Given their long lifespan, Chinchillas are a big commitment as a pet. They are easily stressed and can have a range of expensive health conditions. It is important to get treatment from an experienced vet as soon as a problem begins, and keep a good awareness of your Chinchilla's normal range of behaviours and their character so you can spot strange behaviour straight away.
Many health problems in Chinchillas can arise from incorrect care, such as teeth issues where hay and wood isn't provided well enough to enable a Chinchilla to shape their teeth. Common issues for Chinchillas are listed below:
Chinchillas require acces to a dust bath to enable them to keep their fur clean. Their fur is very dense and should never be wet. A Chinchilla with wet fur can become very ill, and this can lead to Fur Fungus (Ringworm). This can be identified through missing fur, dry-looking flaky skin and sometimes blister-like lesions. This can occur on any part of the body and is the same fungal infection as Athletes Foot. This is contagious to other animals and people and needs urgent vet treatment.
Chinchillas can also have allergies or suffer from mites. They can also engage in the behaviour of Fur pulling. Fur pulling can be an obsessive behaviour and is often something triggered by environmental or stress factors. This needs vet treatment and you will need to identify the triggers for this behaviour. If left untreated, this can become a dangerous habit.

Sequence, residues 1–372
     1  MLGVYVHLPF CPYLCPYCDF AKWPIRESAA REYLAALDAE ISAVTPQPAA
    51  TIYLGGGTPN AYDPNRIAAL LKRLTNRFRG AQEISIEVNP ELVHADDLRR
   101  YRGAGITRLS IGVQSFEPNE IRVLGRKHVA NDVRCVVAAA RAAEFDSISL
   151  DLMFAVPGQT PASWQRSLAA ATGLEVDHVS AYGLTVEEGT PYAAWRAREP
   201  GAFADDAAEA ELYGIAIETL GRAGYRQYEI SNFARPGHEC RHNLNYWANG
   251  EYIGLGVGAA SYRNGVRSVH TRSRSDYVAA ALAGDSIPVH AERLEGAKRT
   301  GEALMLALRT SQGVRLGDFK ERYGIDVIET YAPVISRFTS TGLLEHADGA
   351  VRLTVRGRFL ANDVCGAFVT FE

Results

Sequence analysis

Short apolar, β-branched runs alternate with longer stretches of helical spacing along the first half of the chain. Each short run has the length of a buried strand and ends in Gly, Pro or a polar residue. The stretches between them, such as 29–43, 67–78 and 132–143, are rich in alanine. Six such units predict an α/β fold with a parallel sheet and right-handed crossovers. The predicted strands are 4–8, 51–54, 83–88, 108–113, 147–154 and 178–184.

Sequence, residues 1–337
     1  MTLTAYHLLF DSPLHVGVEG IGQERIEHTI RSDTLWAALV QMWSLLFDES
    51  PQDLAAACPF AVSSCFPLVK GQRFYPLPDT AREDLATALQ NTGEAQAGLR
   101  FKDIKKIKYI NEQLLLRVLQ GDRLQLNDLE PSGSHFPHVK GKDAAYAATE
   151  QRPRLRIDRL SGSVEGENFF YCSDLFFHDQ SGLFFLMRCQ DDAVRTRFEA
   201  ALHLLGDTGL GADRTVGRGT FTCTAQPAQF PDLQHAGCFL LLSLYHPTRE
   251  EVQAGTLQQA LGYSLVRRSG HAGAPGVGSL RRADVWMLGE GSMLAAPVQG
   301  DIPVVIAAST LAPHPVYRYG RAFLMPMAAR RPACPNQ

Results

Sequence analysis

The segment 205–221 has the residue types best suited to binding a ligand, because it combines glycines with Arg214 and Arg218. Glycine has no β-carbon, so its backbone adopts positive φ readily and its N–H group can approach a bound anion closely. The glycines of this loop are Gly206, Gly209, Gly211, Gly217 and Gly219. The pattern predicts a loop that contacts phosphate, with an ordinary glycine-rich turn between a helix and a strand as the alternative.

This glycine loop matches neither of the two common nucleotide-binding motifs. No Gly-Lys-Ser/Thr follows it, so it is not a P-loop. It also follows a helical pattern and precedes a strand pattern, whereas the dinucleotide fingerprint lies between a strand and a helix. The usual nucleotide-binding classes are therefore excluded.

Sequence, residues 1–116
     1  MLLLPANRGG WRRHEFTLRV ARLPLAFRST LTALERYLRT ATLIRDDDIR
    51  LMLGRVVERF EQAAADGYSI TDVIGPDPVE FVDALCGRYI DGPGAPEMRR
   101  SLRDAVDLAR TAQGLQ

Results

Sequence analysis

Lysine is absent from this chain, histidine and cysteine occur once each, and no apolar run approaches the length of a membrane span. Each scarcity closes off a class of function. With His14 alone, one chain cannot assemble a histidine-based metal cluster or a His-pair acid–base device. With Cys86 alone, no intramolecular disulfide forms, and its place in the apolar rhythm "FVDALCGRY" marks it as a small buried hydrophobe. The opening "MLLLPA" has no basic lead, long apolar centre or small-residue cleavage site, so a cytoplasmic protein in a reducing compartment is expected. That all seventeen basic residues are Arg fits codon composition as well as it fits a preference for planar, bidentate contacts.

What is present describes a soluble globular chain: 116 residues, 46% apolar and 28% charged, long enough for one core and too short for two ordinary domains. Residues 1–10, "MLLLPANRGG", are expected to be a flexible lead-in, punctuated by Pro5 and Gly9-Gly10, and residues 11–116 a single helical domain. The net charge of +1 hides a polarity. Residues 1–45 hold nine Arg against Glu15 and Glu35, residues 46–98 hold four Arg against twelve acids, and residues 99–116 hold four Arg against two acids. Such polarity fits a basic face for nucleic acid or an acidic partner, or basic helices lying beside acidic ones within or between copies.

Male Chinchillas can also get something known as Hair rings. This is where hair wraps round the penis, leaving them unable to urinate. This is an emergency situation and your Chinchilla will need urgent help. Experienced Chinchilla owners may be able to treat at home, for most owners vet help is recommended.
Chinchillas must be kept cool, with air conditioning being vital for many homes to ensure this in the summer months. A Chinchilla that has heatstroke will appear weak and may collapse, needing immediate vet attention. A hot Chinchilla can be helped at home with cooling ledges, air conditioning and fans but a Chinchilla that has suffered heatstroke must receive immediate vet attention.
Seizures can be caused by a calcium deficiency, trauma, stress and a multitude of other health conditions. A Chinchilla that is overwhelmed or has overheated can have a seizure whilst free-roaming - which is why it is important to keep the area for them to explore in safe, dry and cool conditions and keep handling sessions regular but short. A Chinchilla that has a seizure needs to be seen by a vet.
Chinchillas need regular hay and wood to help wear down their teeth, but can still experience issues with teeth being worn down incorrectly. Known as Malocclusion this is where excess growth has caused teeth to grow mishapen. Signs of Malocclusion included difficulties eating, swelling to the mouth or face and excess salvation. This can be an ongoing health condition, managed by regular teeth clipping by a vet or experienced person.